But the point is this: in both these cases if the right is correct then so is the left. Yet they'll still manage to disagree.


AVI said...

An interesting post. I'd suggest that the same is true of countries (with the EU demonstrating the "large group" syndrome of the general EU-wide populace neither knowing nor caring about what goes on there, the waste, the unsigned-off accounts etc etc.)


Peter Risdon said...


cabalamat said...

I see people on the right argue that public employees should be personally liable for their failures, and I see people on the left trying to increase liabilities for company directors. Few argue both things.

I do. Admittedly, there is only one of me.

Anonymous said...

Well said Peter!

Watch Dragon's Den. Some guy pitched this idea of a directory of contractors on 0800 numbers. He was chucked out. Who do you want doing the plumbing or the sparks? Someone routed to you via a banglaore call-centre or someone local who you actually speak to and can get recommendations for from your neighbours?

Well, that's the philosphy which I have and it's why I can get away with charging more than the likes of PC World.

Moreover. I own (owned?) NR shares. I never felt I had a voice. Nobody told me they were wheeling and dealing in the US sub-prime market. I thought they were primarily involved in the steady buisness of mortgages for homes in the NE. The true future of capitalism is small businesses inter-connected through technology. Obviously somethings have to be run be BigCorp Inc but the number will decline.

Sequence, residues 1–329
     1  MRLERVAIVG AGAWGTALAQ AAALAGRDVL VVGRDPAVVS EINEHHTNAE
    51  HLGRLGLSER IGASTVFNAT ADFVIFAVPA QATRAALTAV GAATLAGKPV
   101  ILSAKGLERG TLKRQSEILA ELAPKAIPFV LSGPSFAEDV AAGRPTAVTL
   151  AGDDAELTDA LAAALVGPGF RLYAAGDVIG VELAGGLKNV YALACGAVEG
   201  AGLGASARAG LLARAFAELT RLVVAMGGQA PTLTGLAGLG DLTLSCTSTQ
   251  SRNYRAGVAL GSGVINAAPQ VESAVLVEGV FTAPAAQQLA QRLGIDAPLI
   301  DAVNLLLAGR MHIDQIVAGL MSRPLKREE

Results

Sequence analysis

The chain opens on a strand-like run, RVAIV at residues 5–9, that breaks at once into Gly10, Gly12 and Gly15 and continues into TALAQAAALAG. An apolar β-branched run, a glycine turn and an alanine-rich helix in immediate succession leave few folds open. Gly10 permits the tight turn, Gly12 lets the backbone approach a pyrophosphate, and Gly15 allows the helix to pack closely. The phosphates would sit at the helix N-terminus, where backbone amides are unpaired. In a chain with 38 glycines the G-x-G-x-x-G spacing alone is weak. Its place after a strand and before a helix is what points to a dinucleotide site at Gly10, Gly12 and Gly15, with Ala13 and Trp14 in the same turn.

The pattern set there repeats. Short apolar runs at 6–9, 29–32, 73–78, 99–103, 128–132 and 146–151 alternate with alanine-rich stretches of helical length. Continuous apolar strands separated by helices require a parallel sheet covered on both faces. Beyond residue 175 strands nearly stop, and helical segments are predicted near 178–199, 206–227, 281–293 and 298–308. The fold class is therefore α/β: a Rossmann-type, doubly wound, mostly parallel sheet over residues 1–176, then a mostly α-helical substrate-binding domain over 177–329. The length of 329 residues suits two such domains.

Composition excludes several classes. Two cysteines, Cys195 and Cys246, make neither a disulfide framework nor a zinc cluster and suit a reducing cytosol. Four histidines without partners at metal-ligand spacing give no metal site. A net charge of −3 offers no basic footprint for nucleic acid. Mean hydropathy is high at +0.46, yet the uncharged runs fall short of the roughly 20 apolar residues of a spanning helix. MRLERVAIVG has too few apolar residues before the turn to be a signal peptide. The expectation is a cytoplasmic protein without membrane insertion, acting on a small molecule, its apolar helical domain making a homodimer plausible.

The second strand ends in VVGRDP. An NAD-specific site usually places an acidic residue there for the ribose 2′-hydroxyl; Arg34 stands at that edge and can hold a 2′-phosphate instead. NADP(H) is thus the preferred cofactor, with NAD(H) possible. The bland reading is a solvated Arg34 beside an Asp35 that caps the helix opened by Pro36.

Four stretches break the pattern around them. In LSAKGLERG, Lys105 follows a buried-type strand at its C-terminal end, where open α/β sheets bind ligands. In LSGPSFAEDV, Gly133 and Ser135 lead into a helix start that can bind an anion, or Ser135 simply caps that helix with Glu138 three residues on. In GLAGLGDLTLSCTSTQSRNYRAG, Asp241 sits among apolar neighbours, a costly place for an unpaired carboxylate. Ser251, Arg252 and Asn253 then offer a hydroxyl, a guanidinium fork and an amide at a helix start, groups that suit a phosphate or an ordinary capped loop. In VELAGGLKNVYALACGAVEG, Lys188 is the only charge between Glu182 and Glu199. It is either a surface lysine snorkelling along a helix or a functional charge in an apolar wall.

Anonymous said...

It's because I expect big firms to be badly run, along the lines you suggest, that I oppose Socialism, which would face us with only one huge firm, the monopoly state. Under capitalism, there can also be small firms, co-ops, mutuals, partnerships and whatnot, and even the big firms have to compete a bit.

Anonymous said...

Joanna Lumley's email is obviously a standard reply generated for supporters of her campaign. Still, we think she should know about your 'history' as we wouldn't want her commendable campaign to be associated with a low-life like you. So we'll be emailing her to keep her up to date.

Robert de Niro, Lord Harris of High Cross, now Joanna Lumley! You're hilarious Freeborn John! A real entertainer. Keep it up!

See ya

Anonymous said...

the larger the organisation that "owns" a resource, the less the care that will be taken of it.

No, I don't agree fully with this assumption.
Yes, as an organisation grows individual responsibility will be diminished, but I would argue that the point you are making here is not size but ownership. As ownership widens so accountability and liability diminish. A multi billion dollar organisation with a small number of owners will suffer from the problems you outline much less than will one with many small owners.